We also collaborate with Thomas Wang, MD, and Christopher Newton-Cheh, MD, MPH, in studies of the mechanisms by which genetic variants in the NPPA/NPPB gene locus modulate natriuretic peptide levels and contribute to the regulation of blood pressure. One of these genetic variants, re5068, lies in the NPPA 3’ untranslated region (3’UTR). Our laboratory identified and functionally characterized a microRNA, miR-425, that targets the NPPA 3’ UTR when it is encoded by the rs5068 major allele but not when it is encoded by the minor allele. Ongoing studies are directed towards understanding how microRNAs regulate natriuretic peptide biosynthesis and the pathophysiologic effects of modulating microRNA signaling.
Donald Bloch Lab
The long-term objective of the Donald Bloch Lab is to identify the putative infectious agent or agents that initiate autoimmune disease. This goal is especially difficult to attain because the first events that trigger an autoimmune disease may occur years, if not decades, before the occurrence of clinical symptoms. Recent studies show that autoantibodies may be detected many years prior to clinical manifestations of disease. Autoantibodies and the antigens that they recognize may provide the only clues to the events that occurred early in the course of the disease.
A second objective of our research is to identify and characterize novel subcellular, macromolecular structures. Previous investigators have shown that the antigens recognized by human autoantibodies have critical roles in cellular biology. Dr. Bloch has taken advantage of autoantibodies and recent advances in proteomics to characterize novel structures in the cell nucleus and cytoplasm.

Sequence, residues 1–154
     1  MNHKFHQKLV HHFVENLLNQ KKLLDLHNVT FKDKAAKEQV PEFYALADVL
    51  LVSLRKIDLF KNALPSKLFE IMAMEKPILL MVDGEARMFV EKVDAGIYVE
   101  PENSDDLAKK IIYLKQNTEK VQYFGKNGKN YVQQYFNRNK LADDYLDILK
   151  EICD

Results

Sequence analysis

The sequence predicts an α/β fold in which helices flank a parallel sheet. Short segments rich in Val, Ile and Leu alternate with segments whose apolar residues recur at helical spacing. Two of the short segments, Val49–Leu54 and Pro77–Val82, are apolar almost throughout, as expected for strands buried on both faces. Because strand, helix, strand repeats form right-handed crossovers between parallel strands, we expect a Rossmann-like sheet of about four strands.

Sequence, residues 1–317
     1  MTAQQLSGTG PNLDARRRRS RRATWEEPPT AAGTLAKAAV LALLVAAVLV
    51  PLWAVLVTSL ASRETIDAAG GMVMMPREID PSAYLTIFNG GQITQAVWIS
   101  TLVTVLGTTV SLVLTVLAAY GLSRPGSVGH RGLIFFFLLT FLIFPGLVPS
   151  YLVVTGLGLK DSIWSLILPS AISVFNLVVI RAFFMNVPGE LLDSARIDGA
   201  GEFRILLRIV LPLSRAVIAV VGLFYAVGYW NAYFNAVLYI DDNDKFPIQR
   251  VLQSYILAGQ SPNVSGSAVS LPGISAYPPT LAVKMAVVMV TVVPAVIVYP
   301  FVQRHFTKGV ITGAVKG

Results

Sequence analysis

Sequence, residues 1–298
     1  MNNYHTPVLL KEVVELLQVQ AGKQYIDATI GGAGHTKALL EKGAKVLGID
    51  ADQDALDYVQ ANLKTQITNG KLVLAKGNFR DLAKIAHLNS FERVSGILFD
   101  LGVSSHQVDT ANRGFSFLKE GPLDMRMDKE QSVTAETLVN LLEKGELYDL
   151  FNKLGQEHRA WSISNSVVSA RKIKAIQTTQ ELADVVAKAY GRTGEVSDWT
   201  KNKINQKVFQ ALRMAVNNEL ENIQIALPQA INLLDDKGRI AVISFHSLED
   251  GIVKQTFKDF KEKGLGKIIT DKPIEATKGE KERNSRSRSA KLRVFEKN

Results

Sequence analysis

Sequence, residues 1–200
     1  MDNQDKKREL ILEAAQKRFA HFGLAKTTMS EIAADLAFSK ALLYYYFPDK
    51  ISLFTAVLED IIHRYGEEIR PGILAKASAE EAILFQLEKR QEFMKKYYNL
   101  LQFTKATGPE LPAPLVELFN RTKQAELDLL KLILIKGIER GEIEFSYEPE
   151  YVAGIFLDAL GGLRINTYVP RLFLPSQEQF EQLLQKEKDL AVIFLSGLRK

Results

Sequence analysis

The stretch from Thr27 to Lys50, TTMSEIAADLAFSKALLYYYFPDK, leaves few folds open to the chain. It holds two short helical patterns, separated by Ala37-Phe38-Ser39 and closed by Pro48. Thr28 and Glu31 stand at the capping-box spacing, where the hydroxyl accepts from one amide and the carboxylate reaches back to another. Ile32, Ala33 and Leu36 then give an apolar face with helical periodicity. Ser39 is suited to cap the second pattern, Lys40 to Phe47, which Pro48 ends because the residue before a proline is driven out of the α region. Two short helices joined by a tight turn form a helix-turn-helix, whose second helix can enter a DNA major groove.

A third objective of our research is to develop a novel inhibitor of B cell differentiation. This project is an outgrowth of earlier studies, which resulted in identification of Sp110, a leukocyte-specific autoantigen that localizes to cellular structures known as nuclear bodies. Dr. Bloch and colleagues identified mutations in the gene encoding Sp110 as the cause of an autosomal recessive disorder known as veno-occlusive disease with immunodeficiency (VODI). Patients with VODI have a defect in the class switch recombination step of B cell development and therefore fail to make antibodies of the IgG and IgA isotypes. Dr. Bloch is developing small molecule inhibitors of Sp110 function as an approach to inducing immunosuppression in patients with autoimmune diseases.
The Buys Lab focuses on three research topics. In the first project, we are seeking to gain insight into the role of NO-cGMP signaling in the regulation of blood pressure. We are evaluating the role of renin and 20-HETE signaling in the development of hypertension in mice deficient in the NO-activated cGMP-producing enzyme soluble guanylate cyclase (sGC). We are collaborating with Dr. Kenneth Bloch and Dr. Newton-Cheh, to characterize the function of GUCY1 gene variants associated with the regulation of blood pressure.